Kereama was devoted to the church and a dedicated follower of the temperance movement. As a Blue Ribbon supporter, he encouraged Māori to sign the pledge and abstain from alcohol. He was also the secretary for Te Korimako or The Bellbird, a Māori language newspaper that ran from 1882 to 1890 and is also available through Papers Past.
His father encouraged him to study law so that he could help Māori deal with investigations into land rights and ownership through the Native Land Courts. His legal training was undertaken with the Auckland law firm Whitaker and Russell. Referred to by his people as a taitama rangatira nō Ngā Puhi, a young male leader of nobility from the north, Kereama sadly died of consumption at the age of 21 before completing his studies.
|Kereama Tāwhai. Letter to Sir George Grey, written at Wesley College, Auckland, 18 June 1880. (GNZMA 141).|
Rewi Manga Maniapoto [1807-1894]
Ngāti Pare te kawa – Ngāti Maniapoto
|Bloomfield and Hobbs. Portrait of Rewi Maniapoto at the unveiling of his monument in Kihikihi. 1894. (661-164)|
We have now both of us reached the limit of the days of our forefathers, let this suffice by way of greeting...
Rewi was the son of Te Ngohi and Te Kore and from the Kihikihi and Otāwhao area. Taught to read and write at the Wesleyan mission station at Te Kopua, he was known for his oratory skills, strong leadership, military prowess and knowledge of traditional Māori customs and practices.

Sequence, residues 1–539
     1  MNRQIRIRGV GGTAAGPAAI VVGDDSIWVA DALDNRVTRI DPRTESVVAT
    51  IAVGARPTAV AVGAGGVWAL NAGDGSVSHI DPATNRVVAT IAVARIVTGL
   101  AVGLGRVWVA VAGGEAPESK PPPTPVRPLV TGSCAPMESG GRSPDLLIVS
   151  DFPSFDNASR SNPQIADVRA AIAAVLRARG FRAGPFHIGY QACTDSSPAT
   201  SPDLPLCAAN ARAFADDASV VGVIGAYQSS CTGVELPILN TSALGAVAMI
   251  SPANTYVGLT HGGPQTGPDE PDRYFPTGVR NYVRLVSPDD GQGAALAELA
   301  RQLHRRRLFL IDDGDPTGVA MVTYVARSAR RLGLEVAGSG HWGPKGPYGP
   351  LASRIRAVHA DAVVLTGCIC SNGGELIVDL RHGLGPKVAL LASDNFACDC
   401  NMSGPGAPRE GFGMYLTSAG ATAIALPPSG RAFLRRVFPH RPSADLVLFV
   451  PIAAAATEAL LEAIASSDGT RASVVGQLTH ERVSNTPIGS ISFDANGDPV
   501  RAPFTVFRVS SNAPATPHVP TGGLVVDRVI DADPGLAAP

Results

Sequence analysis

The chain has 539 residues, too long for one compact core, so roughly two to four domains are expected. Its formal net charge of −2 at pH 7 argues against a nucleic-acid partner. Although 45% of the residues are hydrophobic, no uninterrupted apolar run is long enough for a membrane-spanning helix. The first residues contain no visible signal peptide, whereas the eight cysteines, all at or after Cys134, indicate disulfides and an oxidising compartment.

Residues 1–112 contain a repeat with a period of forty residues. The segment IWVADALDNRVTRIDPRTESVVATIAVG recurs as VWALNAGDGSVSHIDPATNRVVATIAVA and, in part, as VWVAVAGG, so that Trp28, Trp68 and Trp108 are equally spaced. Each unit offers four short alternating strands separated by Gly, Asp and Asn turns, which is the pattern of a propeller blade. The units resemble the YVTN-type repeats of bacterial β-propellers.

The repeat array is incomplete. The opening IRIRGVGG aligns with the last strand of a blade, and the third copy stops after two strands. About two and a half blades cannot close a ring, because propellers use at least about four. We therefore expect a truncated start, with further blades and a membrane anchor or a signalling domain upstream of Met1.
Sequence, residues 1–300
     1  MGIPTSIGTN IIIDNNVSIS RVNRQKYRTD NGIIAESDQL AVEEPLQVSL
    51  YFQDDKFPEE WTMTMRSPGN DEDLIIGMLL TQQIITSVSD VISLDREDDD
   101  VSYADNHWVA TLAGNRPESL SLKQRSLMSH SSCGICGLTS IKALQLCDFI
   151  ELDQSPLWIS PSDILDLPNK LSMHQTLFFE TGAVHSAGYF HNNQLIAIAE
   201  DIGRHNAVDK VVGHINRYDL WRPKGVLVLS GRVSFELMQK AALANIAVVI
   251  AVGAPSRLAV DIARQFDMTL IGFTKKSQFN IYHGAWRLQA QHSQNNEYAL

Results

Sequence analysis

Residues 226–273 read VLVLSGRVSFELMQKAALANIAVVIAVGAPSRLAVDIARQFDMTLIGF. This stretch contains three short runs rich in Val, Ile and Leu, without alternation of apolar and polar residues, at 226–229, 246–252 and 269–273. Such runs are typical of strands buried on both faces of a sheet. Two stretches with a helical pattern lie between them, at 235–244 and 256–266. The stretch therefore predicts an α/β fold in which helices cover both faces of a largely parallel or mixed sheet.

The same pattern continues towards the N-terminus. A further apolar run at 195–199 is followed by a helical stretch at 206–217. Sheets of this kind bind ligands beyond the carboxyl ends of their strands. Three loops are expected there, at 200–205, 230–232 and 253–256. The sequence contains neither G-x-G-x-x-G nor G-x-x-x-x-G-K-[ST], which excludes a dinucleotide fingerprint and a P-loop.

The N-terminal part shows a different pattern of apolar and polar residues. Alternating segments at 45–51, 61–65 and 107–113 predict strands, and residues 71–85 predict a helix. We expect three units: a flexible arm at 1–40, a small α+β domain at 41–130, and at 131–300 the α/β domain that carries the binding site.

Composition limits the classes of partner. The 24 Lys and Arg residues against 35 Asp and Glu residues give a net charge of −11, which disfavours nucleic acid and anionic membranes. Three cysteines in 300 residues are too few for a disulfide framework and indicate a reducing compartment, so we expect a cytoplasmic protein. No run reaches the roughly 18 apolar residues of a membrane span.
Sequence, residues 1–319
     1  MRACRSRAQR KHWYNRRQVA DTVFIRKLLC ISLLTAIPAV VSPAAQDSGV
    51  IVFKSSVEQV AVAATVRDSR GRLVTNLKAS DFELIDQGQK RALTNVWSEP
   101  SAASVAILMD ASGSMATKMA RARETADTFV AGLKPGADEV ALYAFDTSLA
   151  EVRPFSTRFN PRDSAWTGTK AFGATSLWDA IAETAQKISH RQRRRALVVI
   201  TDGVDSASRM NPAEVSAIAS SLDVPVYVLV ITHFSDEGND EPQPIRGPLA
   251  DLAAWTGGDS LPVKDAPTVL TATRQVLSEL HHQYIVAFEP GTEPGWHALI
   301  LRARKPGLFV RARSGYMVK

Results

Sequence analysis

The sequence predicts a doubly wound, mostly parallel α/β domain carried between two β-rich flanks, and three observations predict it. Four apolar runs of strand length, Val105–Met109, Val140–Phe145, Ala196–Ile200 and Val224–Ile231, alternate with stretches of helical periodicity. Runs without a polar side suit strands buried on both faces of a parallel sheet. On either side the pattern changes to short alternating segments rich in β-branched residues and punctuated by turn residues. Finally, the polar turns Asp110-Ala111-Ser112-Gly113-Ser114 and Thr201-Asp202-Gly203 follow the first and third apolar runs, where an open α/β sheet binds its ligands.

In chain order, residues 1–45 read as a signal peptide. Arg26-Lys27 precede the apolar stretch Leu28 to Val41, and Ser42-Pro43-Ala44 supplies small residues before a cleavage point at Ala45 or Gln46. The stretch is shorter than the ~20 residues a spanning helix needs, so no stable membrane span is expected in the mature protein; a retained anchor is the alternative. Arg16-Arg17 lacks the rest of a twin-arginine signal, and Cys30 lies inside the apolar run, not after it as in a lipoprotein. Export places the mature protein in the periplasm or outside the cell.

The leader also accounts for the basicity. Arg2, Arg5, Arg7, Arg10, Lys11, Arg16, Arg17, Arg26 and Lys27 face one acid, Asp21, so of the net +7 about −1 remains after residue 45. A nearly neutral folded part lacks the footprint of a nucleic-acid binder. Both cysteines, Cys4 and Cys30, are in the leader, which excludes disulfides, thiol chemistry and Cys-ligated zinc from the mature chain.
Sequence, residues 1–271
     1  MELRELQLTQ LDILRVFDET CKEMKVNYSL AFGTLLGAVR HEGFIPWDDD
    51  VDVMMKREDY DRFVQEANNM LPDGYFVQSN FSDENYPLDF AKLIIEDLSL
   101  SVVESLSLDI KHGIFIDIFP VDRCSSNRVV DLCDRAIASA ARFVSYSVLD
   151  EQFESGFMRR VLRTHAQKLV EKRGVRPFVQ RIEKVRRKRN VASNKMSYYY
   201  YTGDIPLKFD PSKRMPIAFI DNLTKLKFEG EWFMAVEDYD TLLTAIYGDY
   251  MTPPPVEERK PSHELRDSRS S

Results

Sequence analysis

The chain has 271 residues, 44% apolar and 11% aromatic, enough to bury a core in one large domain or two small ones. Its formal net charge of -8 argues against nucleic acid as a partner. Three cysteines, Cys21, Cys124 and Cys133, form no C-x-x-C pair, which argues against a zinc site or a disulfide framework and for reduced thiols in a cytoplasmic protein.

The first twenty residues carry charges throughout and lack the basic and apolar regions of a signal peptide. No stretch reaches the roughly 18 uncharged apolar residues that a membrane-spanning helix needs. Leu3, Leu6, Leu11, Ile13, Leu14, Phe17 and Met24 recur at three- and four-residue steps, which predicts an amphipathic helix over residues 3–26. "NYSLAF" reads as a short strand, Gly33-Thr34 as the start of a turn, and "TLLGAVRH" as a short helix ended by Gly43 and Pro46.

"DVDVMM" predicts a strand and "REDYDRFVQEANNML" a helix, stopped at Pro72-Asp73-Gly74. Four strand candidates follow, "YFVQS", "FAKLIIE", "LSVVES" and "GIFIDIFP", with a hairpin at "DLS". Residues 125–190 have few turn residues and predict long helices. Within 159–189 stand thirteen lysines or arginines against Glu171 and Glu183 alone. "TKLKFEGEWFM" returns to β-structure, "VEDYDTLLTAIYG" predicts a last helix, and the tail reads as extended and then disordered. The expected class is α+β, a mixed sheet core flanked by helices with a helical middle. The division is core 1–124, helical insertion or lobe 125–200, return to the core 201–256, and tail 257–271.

Rewi was a strong supporter of the Kīngitanga. During 1860-1861, his people had fought alongside Taranaki Māori and he went on to have a leading role in the Land Wars in the Waikato. For several years Tāwhiao and his followers, including Rewi, took refuge in Ngāti Maniapoto territory. Rewi played a key role in establishing and expanding the Rohe Pōtae. This term roughly translates as ‘the area of the hat’ and was commonly used to refer to the King Country land. In 1882 Rewi negotiated with the Crown and this led to land sales that contravened the Kīngitanga principle of land retention. However, Rewi remained a revered figure by both Māori and European, as evidenced by the large number of attendees at his funeral in 1894.
|Rewi Maniapoto. Letter to Sir George Grey, written at Kihikihi, 19 February 1894. (GNZMA 218).|
|Rewi Maniapoto. Showing the sketch of the tombstone from: Letter to Sir George Grey, written at Kihikihi, 19 February 1894. (GNZMA 218).|
Is one of these letter writers your tupuna (ancestor)? Would you like to make your own recording of their letter? If so, the library would like to hear from you. You can contact us at: firstname.lastname@example.org
He reo kīnaki hei kuru taringa
Eloquent words are a treasure to hear.